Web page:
Nutrients movement from soil surface to plant roots

There are about 16 essential nutrients which are required for plants, for their proper growth and development. Out of these 16, 13 are taken up by the plants through the roots.

Nutrients movement from soil surface to plant rootsFirstly, nutrients reach to the roots and then, enter into the plant’s body where, they are used in different physiological, metabolic and morphological processes.

By keeping in view, the uptake of these 13 nutrients by the plants through the roots, movement of nutrient from the soil to the root surface is very crucial.

According to physiologists, there are three mechanisms which are involved in the movement of nutrients from soil to the root hairs of plants. These three processes are given as:

  • Root interception
  • Mass flow
  • Diffusion

Root interception

In root interception, nutrients or ions move from soil surface to root surface by the physical contact between soil surface and mineral surface. Soil aggregates (different size and shape) are formed in the soil by reaction of different soil particles like sand, silt and clay with the soil organic matter.

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The aggregates are rich in plant essential nutrients and nutrients exchange takes place by physically contacting the roots with the aggregates. Usually, growth of plant roots take place near the soil aggregates, therefore only small quantity (about 1-2%) of roots come physically in contact with these aggregates

Therefore, root interception is not a major mechanism in movement of nutrient from soil surface to root surface. Normally, on the root surface, Hydrogen ions (H+) are present. When, roots come in contact with another cation adsorbed by clay and organic matter, this H+ ion is exchanged by this cation.

Root interception is largely depend upon root’s volume or spreading of the roots. By increasing the root’s volume, movement of nutrients also increases and vice versa. Movement of some nutrients through root interception is given in table 1.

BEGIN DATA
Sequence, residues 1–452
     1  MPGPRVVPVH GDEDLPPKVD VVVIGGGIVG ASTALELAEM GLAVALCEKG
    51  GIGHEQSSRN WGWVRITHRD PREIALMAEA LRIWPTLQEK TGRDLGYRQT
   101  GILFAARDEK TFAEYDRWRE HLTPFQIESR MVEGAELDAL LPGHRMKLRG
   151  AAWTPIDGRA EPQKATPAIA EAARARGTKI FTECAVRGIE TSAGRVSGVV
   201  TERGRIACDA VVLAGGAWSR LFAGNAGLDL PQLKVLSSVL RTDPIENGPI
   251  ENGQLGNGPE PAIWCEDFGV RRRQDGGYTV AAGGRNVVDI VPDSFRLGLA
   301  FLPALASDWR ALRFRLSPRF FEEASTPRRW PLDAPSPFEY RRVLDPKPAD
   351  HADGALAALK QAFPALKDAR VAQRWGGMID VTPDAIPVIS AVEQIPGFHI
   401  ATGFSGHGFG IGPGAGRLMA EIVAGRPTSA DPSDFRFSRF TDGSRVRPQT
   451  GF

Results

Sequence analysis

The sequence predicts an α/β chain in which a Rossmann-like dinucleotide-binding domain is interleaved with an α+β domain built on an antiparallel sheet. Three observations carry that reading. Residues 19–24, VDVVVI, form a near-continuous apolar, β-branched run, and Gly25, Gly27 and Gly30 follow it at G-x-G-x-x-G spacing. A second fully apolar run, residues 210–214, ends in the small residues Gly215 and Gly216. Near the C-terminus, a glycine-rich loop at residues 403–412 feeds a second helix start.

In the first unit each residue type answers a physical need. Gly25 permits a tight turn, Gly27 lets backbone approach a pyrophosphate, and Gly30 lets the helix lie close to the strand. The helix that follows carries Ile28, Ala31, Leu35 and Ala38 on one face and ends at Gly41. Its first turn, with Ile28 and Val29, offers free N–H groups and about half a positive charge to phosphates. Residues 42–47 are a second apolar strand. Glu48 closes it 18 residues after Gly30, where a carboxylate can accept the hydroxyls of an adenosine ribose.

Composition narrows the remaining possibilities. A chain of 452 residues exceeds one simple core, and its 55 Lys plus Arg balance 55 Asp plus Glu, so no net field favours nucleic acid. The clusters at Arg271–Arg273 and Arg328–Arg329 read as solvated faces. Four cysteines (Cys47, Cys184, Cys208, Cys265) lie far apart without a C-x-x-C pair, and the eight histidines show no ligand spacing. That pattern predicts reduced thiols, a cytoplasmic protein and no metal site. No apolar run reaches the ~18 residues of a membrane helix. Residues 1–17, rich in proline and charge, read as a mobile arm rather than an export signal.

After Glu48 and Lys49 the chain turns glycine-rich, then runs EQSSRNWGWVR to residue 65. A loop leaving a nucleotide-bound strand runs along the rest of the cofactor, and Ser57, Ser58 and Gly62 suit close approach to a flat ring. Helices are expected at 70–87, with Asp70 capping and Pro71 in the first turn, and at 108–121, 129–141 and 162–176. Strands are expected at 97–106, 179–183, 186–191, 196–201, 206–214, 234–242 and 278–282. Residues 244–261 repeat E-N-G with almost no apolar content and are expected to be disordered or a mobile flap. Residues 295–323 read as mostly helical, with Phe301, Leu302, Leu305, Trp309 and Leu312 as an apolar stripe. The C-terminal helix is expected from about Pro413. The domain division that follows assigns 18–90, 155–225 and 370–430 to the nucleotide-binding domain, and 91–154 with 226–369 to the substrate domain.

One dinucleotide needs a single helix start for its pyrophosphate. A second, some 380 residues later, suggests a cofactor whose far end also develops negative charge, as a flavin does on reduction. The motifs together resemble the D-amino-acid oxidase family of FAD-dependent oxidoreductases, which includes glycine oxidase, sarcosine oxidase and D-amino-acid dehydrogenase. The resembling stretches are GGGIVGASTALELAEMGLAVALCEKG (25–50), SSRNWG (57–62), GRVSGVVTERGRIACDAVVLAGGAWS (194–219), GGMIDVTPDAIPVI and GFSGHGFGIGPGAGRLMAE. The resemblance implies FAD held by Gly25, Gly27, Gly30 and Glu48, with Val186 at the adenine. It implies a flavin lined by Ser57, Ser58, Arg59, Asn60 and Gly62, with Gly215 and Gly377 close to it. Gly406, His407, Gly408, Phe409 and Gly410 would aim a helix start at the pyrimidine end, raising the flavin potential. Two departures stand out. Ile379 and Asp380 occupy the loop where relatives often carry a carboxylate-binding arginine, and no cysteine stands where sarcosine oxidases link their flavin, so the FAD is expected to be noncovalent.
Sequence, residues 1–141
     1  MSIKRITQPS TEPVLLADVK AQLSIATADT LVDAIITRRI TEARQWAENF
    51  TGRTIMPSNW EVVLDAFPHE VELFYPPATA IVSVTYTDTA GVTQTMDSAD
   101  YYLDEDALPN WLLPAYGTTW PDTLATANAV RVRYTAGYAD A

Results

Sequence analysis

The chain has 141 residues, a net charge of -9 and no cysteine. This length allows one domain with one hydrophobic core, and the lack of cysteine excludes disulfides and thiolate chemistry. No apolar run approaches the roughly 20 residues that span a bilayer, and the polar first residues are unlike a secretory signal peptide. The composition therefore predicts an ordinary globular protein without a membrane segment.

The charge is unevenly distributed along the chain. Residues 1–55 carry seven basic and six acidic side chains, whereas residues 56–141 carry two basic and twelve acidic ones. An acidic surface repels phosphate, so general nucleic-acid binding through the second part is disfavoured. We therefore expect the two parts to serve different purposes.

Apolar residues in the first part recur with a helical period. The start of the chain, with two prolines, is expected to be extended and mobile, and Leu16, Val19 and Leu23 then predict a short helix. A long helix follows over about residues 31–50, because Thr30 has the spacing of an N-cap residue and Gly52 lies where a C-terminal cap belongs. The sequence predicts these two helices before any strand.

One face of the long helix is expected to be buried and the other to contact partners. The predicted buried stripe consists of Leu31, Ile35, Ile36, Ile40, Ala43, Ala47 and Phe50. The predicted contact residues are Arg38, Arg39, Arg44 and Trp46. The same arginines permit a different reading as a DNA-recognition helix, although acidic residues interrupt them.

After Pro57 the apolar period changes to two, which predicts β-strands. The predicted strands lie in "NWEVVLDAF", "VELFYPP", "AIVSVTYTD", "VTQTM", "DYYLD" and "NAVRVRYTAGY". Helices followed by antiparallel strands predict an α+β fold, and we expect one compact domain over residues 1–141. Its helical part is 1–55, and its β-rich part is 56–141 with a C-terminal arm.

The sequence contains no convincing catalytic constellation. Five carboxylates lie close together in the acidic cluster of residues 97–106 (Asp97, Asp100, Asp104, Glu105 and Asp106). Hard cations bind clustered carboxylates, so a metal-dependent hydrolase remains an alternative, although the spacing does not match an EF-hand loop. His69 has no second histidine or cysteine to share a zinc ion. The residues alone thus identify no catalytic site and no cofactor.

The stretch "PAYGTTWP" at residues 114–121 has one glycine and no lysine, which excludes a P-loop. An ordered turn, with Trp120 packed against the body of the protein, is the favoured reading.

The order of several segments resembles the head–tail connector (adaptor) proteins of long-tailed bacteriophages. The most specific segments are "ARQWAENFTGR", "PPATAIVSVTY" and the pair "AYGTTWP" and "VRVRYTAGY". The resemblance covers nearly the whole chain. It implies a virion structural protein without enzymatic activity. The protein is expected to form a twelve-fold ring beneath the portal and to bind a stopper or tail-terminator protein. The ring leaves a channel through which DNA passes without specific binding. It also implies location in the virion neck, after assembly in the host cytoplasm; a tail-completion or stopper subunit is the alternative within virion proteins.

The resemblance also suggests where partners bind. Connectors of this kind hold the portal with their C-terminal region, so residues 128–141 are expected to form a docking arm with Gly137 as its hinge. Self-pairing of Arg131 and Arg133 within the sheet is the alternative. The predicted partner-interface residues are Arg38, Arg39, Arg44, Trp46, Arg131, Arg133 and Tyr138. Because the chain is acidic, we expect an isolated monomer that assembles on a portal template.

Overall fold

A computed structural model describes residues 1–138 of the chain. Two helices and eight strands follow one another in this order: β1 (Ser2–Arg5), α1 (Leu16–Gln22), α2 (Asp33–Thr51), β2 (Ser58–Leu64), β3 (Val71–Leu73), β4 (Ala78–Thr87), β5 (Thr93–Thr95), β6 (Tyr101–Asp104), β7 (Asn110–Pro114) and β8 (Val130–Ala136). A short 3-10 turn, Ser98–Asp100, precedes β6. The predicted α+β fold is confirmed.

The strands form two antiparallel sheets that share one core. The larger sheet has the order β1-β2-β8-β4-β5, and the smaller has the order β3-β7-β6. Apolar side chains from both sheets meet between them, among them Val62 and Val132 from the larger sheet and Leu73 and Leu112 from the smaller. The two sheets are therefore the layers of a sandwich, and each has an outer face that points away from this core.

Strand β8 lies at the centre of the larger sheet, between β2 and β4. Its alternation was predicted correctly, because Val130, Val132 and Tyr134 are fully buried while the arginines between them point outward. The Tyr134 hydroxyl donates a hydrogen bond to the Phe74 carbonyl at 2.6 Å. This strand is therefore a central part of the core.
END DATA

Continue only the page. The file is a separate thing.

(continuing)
Mass flow

In mass flow, nutrients or ions move in a soil solution as a result of transpiration (loss of water from leaf surface) and percolation (movement of water from soil pores into the roots of plant).

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Being negatively charged, nitrate (source of N), borate (source of B) and sulphate (source of S) are present in soil solution. Quantity of nutrients reaching the roots by mass flow depends upon

  • Water consumption by the roots
  • Concentration of nutrients present in soil solution

All the water is not utilized or used by the plants through roots; some quantity of water is lost by leaching below the root zone of plant. Due to this loss of water, the movement of nitrate, borate and sulphate quantity does not remain constant which largely depends on management practices.

So, as the water consumption by roots increases, nutrients movement through mass flow also increases. Nutrients movement through mass flow also increases by increasing their concentration in the soil solution and vice versa. Movement of some nutrients through mass flow is given in table 1.


The movement of nutrients or ions from an area of high concentration towards an area of low concentration is known as diffusion. It is the major mechanism involved in nutrients movement from soil surface to the roots.

Usually, positively charged ions (dissolved in soil water) like K+, Mg2+, Ca2+ move through diffusion. When, plants uptake nutrients from root zone, nutrients concentration decreases in the root zone.

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Therefore, nutrients move towards the root zone (low nutrients concentration) from soil surface (high nutrients concentration) with the help of diffusion. Diffusion depends upon plant demand, rate of nutrients applied by fertilizer and placement of fertilizer.

Plant demand is most important factor affecting nutrient movement. As plant demand of nutrients increases, diffusion also increases. Diffusion is very slow, short distant (only few centimeters) but continuous.

Nitrogen, potassium and phosphorous moves through diffusion at distances of 1cm, 0.2cm and 0.02cm, respectively. Movement of some nutrients through diffusion is given in table 1.

Table 1: Percentage movement of some essential nutrients through root interception, mass flow and diffusion


Root interception (%)

Mass flow (%)

Diffusion (%)






























Authors: Tanveer Ahmad* and Rikza Anwar Ul Haq Awan

*Agro-Climatology Lab, Department of Agronomy, University of Agriculture, Faisalabad

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